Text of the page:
ASCO Annual Meeting
June 1, 2013
Long-term follow-up of patients participating in an early study for advanced melanoma showed that nivolumab was able to shrink tumors and continue working for a longer time than other approved melanoma treatments. Nivolumab is a type of immunotherapy, a treatment designed to boost the body’s natural defenses to fight the cancer. Specifically, nivolumab targets PD-1, which is found on the surface of tumor cells and prevents the immune system from destroying the cancer. Nivolumab stops PD-1 from working so the immune system can get rid of the cancer.
In this study, 107 patients with advanced melanoma that had worsened on previous treatments received one of five different doses of nivolumab. Researchers found that 31% (33 out of 107 patients) had their tumors shrink by at least a third, regardless of the dose they received. Researchers estimate that about 43% of patients will be alive after two years of treatment.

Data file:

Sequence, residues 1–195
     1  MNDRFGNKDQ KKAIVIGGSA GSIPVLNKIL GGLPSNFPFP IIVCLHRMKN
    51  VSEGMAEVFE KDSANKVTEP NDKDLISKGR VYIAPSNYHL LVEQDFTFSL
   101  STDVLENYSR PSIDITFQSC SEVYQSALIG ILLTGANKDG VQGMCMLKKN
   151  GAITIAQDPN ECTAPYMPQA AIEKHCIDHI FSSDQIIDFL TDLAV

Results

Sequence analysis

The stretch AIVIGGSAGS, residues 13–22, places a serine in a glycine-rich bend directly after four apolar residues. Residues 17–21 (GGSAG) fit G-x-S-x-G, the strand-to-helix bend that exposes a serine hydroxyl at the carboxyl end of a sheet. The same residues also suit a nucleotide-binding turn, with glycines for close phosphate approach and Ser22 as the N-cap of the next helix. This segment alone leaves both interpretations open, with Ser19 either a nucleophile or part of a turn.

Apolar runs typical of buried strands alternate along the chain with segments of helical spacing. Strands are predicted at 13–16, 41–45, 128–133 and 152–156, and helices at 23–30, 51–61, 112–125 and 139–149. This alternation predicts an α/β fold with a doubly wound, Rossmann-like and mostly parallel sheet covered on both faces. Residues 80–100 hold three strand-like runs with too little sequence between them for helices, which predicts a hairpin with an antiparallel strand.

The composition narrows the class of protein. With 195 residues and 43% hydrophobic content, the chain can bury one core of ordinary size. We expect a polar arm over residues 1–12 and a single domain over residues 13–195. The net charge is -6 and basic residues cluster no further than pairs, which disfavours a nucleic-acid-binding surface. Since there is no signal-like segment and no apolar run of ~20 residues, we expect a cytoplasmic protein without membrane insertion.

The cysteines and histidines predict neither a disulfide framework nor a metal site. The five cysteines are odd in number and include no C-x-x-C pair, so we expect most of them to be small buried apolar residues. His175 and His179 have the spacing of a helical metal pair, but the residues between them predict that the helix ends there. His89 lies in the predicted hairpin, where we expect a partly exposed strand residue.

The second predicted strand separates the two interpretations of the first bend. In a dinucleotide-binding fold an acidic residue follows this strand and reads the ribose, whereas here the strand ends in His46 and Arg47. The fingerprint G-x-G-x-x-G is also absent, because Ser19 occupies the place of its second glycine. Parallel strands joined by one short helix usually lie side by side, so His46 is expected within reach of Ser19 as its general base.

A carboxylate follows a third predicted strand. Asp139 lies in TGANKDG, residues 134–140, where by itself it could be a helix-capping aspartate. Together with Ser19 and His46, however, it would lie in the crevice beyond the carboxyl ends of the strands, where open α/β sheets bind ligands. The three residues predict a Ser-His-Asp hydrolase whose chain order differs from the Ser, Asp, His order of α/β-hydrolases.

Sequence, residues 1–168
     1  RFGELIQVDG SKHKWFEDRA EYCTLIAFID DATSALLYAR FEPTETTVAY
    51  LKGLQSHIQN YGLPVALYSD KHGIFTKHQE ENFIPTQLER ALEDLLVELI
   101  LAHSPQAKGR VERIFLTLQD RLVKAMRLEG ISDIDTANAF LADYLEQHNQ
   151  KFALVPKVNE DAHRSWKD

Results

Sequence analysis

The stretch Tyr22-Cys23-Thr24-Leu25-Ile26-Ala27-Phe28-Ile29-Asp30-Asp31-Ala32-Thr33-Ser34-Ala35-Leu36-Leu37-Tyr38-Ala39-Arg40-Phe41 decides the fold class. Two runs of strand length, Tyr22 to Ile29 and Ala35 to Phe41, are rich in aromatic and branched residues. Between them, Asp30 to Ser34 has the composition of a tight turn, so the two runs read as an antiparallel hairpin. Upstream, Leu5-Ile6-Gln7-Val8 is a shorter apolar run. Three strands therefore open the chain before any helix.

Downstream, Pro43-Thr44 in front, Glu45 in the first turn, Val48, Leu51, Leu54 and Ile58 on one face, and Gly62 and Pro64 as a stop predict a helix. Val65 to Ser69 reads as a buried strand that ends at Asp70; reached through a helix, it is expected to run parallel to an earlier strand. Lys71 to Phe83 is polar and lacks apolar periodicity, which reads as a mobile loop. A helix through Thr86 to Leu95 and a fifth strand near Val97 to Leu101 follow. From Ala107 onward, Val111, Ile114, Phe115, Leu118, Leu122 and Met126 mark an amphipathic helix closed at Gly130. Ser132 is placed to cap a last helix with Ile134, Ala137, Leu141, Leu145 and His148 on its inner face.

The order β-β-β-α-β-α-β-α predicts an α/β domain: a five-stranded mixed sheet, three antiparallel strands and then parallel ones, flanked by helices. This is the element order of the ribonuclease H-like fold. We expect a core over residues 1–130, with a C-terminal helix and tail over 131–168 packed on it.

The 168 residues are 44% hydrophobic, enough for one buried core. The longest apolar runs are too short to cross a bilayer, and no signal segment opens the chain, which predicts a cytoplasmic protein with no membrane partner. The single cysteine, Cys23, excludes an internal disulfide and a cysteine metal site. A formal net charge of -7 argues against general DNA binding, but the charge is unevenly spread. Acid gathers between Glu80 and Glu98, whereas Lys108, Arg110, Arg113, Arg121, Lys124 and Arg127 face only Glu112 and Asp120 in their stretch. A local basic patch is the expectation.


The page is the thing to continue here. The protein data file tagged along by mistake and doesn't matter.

What this means for patients
“I think nivolumab is a real breakthrough drug for patients with metastatic melanoma, and probably for other diseases, too,” said lead author Mario Sznol, MD, Professor of Medical Oncology at the Yale Cancer Center in New Haven, Connecticut. Because this study was an early-stage clinical trial and not from a large, randomized clinical trial, the results will need to be confirmed in further studies. Nivolumab is still being studied and this drug is only available through clinical trials. If you are interested in participating in a clinical trial, talk with your doctor for more information.
Questions to Ask Your Doctor
- What stage of melanoma do I have? What does this mean?
- What are my treatment options?
- What clinical trials are open to me?
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